A little sobering, for sure, but certainly worth thinking about, at the very least.

    I think you’ve done pretty well at writing an extended committee scene at the beginning of TPOTN. And, as you mentioned, it was a rather pivotal point in the story.

    Looking forward to The Infinite Day, and also to hearing rumors of another book (or three).

    Take care, and God Bless.


  3. Anonymous says:

    Yo i hav an idea…I’m probably not the first but did u ever consider making these books a movie??? I think it would go over pretty well, the plot is quite sound, the characters are likeable and its awesome.


  4. Chris says:

    Hi guys,
    Dugmad and Terry; interesting comments. So interesting that, all being well, I will develop this theme of ‘committee decisions’ next week.

    I’d love to make these a film. My bank manager would love it too. But someone with loads of money needs to bite on it. I’m hoping when Book III comes out someone will grab the film rights. Currently they are still available. Let’s pray shall we?

    Blessings to all


  5. Boaz says:

    A wonderful use of committee meetings is done in C.S. Lewis’s That Hideous Strength. Further, in either the author’s note or preface before the main body, he states his rationale for the rest of the book (paraphrased, because I don’t own a copy currently): In old fairy tales, they start with everyday life; the wicked stepmother, the poor craftsmen, royalty powerful and objects of fantasy, and the woods really and truly scary places. So how does that translate to modern life? Committee meetings and politics. In this case, starting with the issue of the sale of a piece of college land.

    Unrelated note: My wife and I have enjoyed the first two volumes (three books) in The Lamb Among the Stars and are eagerly waiting for the conclusion, even if we’ve had the spoiler that there will be a climactic battle between good and evil.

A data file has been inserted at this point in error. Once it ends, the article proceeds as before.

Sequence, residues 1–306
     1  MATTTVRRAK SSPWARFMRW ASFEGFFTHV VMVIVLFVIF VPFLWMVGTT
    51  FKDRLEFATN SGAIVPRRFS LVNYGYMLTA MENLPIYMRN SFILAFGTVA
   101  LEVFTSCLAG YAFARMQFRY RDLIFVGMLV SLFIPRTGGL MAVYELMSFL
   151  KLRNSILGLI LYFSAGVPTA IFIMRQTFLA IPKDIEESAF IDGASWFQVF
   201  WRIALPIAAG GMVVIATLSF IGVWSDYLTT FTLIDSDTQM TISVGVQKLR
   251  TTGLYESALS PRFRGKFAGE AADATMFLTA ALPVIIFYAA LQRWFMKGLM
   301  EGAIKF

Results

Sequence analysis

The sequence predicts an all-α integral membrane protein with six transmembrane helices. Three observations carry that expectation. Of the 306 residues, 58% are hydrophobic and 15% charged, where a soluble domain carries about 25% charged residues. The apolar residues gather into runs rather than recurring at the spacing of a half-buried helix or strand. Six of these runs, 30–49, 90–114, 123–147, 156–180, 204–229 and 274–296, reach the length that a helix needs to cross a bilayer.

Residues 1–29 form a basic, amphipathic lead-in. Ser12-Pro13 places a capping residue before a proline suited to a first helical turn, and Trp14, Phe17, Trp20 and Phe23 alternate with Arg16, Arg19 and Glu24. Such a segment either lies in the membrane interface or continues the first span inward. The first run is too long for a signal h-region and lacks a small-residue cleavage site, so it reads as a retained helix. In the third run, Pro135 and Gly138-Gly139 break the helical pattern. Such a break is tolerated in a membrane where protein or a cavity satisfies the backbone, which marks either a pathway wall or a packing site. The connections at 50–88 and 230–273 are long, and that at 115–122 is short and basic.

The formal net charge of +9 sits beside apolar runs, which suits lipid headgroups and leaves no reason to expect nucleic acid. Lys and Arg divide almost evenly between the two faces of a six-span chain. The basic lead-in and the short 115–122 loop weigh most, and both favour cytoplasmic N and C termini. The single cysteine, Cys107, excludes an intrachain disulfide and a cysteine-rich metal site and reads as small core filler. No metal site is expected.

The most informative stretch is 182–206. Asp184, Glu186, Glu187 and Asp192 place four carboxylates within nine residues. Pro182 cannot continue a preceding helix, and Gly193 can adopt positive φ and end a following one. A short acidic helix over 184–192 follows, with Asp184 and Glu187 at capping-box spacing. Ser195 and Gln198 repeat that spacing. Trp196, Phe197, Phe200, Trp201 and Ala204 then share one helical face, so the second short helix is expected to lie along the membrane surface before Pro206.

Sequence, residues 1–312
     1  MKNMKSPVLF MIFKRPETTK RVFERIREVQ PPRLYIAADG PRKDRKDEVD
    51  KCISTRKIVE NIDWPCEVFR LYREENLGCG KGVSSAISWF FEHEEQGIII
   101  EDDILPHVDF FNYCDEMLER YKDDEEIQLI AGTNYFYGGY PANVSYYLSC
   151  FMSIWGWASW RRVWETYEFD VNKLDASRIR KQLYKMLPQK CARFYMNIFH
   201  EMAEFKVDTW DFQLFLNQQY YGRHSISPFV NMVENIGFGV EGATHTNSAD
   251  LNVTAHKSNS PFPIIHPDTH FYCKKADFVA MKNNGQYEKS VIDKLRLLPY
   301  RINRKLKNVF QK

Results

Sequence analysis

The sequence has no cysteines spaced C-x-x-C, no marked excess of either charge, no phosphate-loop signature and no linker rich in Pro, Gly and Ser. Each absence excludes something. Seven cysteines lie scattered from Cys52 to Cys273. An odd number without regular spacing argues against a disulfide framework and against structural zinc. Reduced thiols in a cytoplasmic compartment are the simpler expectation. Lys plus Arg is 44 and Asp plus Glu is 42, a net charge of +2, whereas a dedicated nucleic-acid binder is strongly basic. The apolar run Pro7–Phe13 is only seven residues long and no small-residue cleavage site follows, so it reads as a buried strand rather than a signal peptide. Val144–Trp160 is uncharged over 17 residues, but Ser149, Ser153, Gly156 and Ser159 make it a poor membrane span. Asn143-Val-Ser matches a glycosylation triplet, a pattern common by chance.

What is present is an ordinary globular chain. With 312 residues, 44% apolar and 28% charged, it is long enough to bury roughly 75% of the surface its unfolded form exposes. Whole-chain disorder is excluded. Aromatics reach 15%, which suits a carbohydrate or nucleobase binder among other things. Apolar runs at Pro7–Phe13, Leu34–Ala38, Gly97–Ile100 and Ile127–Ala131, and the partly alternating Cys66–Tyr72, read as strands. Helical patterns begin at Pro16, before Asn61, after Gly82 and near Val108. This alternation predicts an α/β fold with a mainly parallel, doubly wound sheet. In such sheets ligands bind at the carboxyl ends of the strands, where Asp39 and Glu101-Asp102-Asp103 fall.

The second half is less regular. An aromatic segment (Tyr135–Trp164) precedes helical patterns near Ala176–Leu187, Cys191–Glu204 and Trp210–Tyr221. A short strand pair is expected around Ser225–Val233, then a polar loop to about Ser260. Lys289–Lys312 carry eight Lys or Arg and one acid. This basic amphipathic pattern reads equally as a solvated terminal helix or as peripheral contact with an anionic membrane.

6. Christian Artists Ministry says:

    This is an interesting subject – almost could open up into a philosophical or psychological debate about the perceptions of fiction vs. reality. I’ve often felt that while people do recognize a difference between fiction and reality, they will make sweeping assumptions that what applies to fiction must surely apply to reality as well, or vice versa. How many of us watch or read something romantic in nature and wish that such a story applied to our lives? Or a sci-fi, fantasy related subject? Look how many people wish to live in such a world, so much so that they do all they can to immerse themselves in the fictional universe? I believe even J.R.R. Tolkien struggled with his story taking on a huge juggernaut of an existence all it’s own. The problem it seems is that people want such an escape from the mundane normality of life that they look for escapism at whatever the cost. But, if the artist builds/allows into his works a strong moral fabric (christian message?) that people will seek to imitate or learn more about, then I believe this is putting our God given talents to good use.